Got Tokyomilk?Posted: February 7, 2010
Yesterday I headed up to Salem to catch the Rare Bird of Fashion: The Irreverent Iris Apfel exhibit at the Peabody Essex Museum before it closes today. I have never enjoyed a costume exhibit more (and I am a costume historian). Yesterday was also the start of Salem So Sweet, an annual event for Valentine’s Day. Various shops throughout Salem hold special events and promotions, all chocolate-related, while promoting Valentine’s Day gifts. While sipping hot chocolate in one charming store I discovered a gem of a fragrance line called Tokyomilk. I have never seen this line before, and since I’m still on the hunt for a signature fragrance, I was immediately captivated by the different eau de parfums on display. I must have spritzed all of them before deciding on the one I purchased. I was torn between Kabuki, a Sugared Grapefruit, Lychee & Sweet Jasmine; Cherry Bomb, a wild Rose, Osmanthus, Chocolate & Vetiver; and Le Petit, a Lily, Peony, Vanilla Bean & Violet Petals. Lately I’ve been getting into retro fragrances because I haven’t liked any of the new fragrances out there, and most of those retro scents have been spicy, woodsy chypres. But there’s something about the fresh combinations of Tokyomilk scents that make them uniquely alluring. I finally settled on Le Petit, but I can’t stop thinking about Cherry Bomb. I think another trip to Salem is in my near future. Tokyomilk perfumes are $28 each. They also make solid perfumes, as well as soaps, candles, stationery, and cosmetics. Tokyomilk is a breath of fresh air in an overcrowded fragrance market.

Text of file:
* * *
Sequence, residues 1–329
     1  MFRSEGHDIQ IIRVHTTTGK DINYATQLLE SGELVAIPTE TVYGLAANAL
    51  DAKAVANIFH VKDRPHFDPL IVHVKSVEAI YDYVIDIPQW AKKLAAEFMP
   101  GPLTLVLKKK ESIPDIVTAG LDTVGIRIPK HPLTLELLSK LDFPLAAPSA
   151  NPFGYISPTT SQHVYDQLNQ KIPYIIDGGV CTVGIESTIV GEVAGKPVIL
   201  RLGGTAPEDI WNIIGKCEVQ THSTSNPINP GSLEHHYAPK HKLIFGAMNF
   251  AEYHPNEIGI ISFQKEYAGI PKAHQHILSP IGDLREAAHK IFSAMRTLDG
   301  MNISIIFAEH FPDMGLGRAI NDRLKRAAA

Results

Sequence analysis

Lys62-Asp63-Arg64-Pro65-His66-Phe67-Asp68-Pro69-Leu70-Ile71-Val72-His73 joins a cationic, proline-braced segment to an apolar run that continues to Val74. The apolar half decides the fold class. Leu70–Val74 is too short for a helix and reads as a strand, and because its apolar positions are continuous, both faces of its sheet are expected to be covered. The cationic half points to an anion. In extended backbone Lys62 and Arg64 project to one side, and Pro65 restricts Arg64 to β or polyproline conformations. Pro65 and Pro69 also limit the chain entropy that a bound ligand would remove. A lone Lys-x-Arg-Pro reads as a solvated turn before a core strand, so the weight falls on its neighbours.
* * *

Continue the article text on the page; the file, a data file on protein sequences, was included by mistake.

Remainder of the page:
Here are a couple of photographs from the Iris Apfel exhibit. Her sense of style is eccentric, but spot-on. Her fashion combinations are eclectic, bold, and colorful. Not every woman could pull off the ensembles Iris puts together, but they suit her to a T. In her own words, “You only get one shot (at life), why not make the most of it?” I have resolved to channel my inner Iris and start taking more risks with my own style.
Photographs courtesy of The Peabody Essex Museum